Should you use a leasing agent?
Renters and industry experts give the lowdown on apartment-finding services.
Thu Apr 26 2012
Illustration: Anders Nilsen
Three years ago, Marion Campbell found her dream apartment on Craigslist: a Lincoln Park two-bedroom in a walk-up brownstone. She called the listed leasing agency and set up an appointment to view it on a Saturday.
Campbell, now 27, showed up at 8am at the address her agent gave her and was surprised to find the agent waiting with a car. The apartment Campbell wanted to see wasn’t ready, the agent said, but they could look at other options while they waited for their showing.
“I had a bad feeling about it,” Campbell says. “You know when you’re about to get duped. I was baited by the place I wanted to see.”
For the next five hours, the agent drove Campbell to five high-rise buildings in Lincoln Park, the Gold Coast, the Loop and the South Loop. Campbell told the agent she didn’t like any of them. They were either out of her price range or outside her preferred neighborhood. “I stuck with it because she was my only way to see the other apartment,” Campbell says. The agent assured her: “You’ll get to see your place later.”
At around 2pm her agent’s phone rang. “You’ll never believe it,” Campbell recalls her agent saying after hanging up. Someone else had applied to rent the apartment Campbell wanted to see.
Looking back, Campbell wonders if the apartment was ever available, and she says she no longer trusts apartment-finding companies. She found the Lincoln Park two-bedroom she’s lived in for the last three years by dealing directly with a building-management company.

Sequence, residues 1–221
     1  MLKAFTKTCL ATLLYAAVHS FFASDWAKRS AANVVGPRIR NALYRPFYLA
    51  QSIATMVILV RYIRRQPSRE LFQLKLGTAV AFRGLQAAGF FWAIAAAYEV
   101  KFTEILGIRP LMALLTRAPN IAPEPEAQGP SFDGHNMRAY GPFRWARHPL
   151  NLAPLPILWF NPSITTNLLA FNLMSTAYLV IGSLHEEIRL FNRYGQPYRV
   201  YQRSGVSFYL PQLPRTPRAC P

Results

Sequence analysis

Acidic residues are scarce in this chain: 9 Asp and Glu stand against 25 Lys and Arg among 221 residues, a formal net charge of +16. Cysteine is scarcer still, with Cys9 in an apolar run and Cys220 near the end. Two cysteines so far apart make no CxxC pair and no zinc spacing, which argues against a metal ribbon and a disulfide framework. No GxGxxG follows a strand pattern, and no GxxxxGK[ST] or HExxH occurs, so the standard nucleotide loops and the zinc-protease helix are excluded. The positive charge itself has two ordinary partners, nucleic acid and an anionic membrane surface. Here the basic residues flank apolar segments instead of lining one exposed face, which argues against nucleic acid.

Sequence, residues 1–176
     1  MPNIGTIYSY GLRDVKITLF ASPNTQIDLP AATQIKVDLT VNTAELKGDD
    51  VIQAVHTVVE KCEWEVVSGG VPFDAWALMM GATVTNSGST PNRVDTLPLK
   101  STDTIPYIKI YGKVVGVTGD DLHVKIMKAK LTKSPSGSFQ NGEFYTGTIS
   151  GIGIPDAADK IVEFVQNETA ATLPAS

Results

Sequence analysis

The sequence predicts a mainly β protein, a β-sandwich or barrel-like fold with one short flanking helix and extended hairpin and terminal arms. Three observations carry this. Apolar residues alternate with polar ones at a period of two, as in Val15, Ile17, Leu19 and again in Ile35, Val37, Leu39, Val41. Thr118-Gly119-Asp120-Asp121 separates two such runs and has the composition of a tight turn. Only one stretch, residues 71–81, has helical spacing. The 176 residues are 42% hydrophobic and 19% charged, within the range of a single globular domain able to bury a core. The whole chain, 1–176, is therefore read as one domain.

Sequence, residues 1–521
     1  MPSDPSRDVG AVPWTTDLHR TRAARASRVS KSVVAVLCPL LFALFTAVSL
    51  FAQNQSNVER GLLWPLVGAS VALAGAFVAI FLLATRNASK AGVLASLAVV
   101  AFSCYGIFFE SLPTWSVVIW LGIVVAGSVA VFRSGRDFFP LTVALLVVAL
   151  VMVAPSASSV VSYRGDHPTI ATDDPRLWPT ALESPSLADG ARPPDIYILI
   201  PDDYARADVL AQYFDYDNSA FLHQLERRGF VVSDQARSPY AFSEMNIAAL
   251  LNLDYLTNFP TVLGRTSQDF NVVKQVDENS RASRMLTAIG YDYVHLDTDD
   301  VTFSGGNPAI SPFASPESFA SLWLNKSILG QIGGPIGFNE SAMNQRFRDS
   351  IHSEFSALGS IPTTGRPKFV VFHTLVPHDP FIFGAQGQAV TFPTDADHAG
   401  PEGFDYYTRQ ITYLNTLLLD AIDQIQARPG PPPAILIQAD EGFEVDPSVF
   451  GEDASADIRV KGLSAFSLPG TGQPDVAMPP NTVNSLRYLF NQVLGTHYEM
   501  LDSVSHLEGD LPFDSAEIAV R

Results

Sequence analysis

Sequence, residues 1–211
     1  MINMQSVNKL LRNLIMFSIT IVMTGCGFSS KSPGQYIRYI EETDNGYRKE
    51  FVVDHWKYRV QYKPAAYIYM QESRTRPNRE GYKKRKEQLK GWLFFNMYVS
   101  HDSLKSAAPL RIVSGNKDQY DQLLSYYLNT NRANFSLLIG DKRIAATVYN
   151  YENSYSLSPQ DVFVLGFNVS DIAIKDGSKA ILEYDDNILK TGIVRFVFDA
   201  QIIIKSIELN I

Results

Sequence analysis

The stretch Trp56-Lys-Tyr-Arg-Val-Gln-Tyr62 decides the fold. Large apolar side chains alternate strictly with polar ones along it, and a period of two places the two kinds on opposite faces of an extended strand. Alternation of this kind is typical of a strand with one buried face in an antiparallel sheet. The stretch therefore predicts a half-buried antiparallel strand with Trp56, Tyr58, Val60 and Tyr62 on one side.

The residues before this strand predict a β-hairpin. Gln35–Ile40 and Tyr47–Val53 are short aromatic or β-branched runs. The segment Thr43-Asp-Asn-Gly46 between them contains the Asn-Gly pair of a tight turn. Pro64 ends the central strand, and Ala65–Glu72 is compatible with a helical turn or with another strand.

To be sure, there are good eggs and bad eggs in any profession—and leasing agents are no exception. But in this fierce rental market, leasing agents, both good and bad, are hard to avoid. At the end of December, the metro-Chicago area had a rental vacancy rate of just 10.4 percent, compared to 15.3 percent the same time in 2009. The foreclosure crisis has pushed many former homeowners into renting; meanwhile, longtime renters—some unsure about job security, others confident home prices haven’t yet bottomed out—aren’t snapping up properties on the market. The result: a surplus of renters.
“The market is definitely turning into a Manhattan/Brooklyn kind of thing where you have to come with your checkbook on the tour,” says Adrien Bellagio, a broker at American Realty Pros, which has offices in Lakeview, Bucktown and Arlington Heights. “The days of browsing are gone.”
So may be the days of easy Craigslist searches and simple for rent sign hunts (though it can be done successfully). This is the era of leasing agents, who are saturating listing sites, outnumbering independent landlords—and, sometimes, duping the anxious renter. Yet, as agents gain a stronghold on the rental market, a company like Apartment People, Apartment Guys or Chicago Apartment Finders may be the most efficient route to your dream digs. You just have to know what to watch out for.